, Volume 10, Issue 2, pp 252-269

Pupil diameter tracks changes in control state predicted by the adaptive gain theory of locus coeruleus function

Abstract

An important dimension of cognitive control is the adaptive regulation of the balance between exploitation (pursuing known sources of reward) and exploration (seeking new ones) in response to changes in task utility. Recent studies have suggested that the locus coeruleus-norepinephrine system may play an important role in this function and that pupil diameter can be used to index locus coeruleus activity. On the basis of this, we reasoned that pupil diameter may correlate closely with control state and associated changes in behavior. Specifically, we predicted that increases in baseline pupil diameter would be associated with decreases in task utility and disengagement from the task (exploration), whereas reduced baseline diameter (but increases in task-evoked dilations) would be associated with task engagement (exploitation). Findings in three experiments were consistent with these predictions, suggesting that pupillometry may be useful as an index of both control state and, indirectly, locus coeruleus function.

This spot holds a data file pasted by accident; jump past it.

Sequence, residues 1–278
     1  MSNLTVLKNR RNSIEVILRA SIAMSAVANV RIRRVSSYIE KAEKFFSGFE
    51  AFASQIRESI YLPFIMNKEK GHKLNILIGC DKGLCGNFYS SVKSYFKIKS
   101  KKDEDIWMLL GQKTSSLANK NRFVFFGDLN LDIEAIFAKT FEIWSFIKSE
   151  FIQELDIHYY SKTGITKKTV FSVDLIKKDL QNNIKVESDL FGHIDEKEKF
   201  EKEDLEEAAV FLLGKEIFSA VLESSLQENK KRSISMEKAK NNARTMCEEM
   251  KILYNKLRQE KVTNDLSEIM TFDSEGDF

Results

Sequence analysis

This research was supported by the Netherlands Organization for Scientific Research (grant to S.N.), a National Institute of Mental Health Sylvio O. Conte Center Grant for Neuroscience Research (Grant MH062196 to M.S.G. and J.D.C.), and the Center for the Study of Brain, Mind, and Behavior at Princeton University.